Democratic presidential hopefuls are scrambling to come out against the first big bipartisan legislation of the Trump era, positioning themselves as hardliners on Wall Street regulation and free from the influence of banks.
It’s a sign that on a national political scale, many Democrats are betting there will no longer be any room with voters for nuance on the issue of Wall Street — or any appetite for bipartisanship. Ahead of a potentially bruising Democratic primary, some of the country’s top Democrats are apparently hoping to shed any perception that they are cozy with Wall Street donors.
There’s something to be said for this reading. It was not always the case that rising stars in the Democratic Party took pains to distance themselves from Wall Street. Just a few short years ago, Cory Booker called Barack Obama’s besmirching of Bain capital’s good name “nauseating”; now, the New Jersey senator is calling for strengthening regulatory constraints on Wall Street’s “greed.”
On the other hand, one shouldn’t have to be an anti-Wall Street “hardliner” to reject this bill. Less than a decade after the financial sector’s malfeasance triggered a global economic crisis (that we still haven’t fully recovered from), it should not be considered “extreme” – or, in BuzzFeed’s framing, a rejection of all “nuance” – to oppose legislation that will increase the probability of a systemic bank failure, according to the government’s nonpartisan scorekeepers.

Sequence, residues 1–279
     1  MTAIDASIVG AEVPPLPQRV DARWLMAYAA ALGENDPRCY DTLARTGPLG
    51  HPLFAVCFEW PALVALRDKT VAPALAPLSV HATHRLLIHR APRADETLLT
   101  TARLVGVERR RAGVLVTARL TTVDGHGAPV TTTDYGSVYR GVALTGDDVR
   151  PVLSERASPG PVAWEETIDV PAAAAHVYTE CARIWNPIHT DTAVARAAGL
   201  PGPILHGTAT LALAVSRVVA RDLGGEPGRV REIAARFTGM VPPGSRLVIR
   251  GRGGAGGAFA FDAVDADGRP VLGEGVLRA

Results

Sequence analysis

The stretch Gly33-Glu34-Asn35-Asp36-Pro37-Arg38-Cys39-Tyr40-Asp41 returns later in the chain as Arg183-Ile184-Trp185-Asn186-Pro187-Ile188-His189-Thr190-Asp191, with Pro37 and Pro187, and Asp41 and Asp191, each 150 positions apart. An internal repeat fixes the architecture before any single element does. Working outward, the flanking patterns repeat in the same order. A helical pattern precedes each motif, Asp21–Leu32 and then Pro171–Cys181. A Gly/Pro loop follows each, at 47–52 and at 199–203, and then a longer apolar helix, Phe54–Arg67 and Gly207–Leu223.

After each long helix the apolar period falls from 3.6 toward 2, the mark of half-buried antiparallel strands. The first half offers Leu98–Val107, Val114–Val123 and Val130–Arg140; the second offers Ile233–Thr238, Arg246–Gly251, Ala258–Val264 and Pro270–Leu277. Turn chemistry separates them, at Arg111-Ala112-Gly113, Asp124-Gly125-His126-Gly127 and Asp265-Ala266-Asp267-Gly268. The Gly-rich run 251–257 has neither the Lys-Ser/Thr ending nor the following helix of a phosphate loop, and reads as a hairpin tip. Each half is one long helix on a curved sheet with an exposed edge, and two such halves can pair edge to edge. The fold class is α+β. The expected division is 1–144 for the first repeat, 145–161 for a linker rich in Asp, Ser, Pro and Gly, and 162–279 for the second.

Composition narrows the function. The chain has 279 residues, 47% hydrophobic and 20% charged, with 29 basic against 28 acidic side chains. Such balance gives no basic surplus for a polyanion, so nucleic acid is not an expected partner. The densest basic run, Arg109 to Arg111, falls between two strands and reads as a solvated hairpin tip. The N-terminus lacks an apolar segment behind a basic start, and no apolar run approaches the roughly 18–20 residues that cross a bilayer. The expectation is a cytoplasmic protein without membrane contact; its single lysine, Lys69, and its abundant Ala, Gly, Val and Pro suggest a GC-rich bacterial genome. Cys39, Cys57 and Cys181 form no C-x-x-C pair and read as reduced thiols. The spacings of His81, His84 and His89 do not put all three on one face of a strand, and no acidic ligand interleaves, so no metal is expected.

There is a case for lightening the regulatory burden that post-crisis regulations heaped on community banks. But the idea that this objective is so urgently necessary, it is worthwhile for Democrats to accept a bipartisan compromise – that undermines protections against discriminatory lending, and increases the likelihood of a future financial crisis – is completely insane. As of late 2017, 96 percent of America’s community banks were profitable, and a high percentage of those were posting record-high profits. Meanwhile, such banks have been showing higher rates of loan growth than any other class of financial institutions in the United States. We do not have a community banking crisis in this country – let alone, one big enough to justify the compromises that Senate Democrats are making in its name.
And the political case for supporting this bill is nearly as weak as the substantive one. BuzzFeed, Politico, and other mainstream outlets have suggested that moderate Democrats are backing the legislation out of a desire to “burnish their bipartisan credentials” ahead of tough reelection bids this fall. And it’s true that many of the Democrats supporting this bill will be on the ballot in pro-Trump states in November. But the notion that what swing voters in North Dakota, West Virginia, and Indiana are looking for is a Democrat who’s willing to take it easy on Wall Street is bonkers. Donald Trump did not attack Hillary Clinton for being too hostile to Goldman Sachs; the attendees at his rallies did not cheer promises to lower Citibank’s capital requirements. Does anyone actually believe that there are a significant number of voters in Montana who are ready to forgive Jon Tester for voting against tax cuts and Obamacare repeal — but would turn against him because he refused to help mobile-home retailers exploit their customers?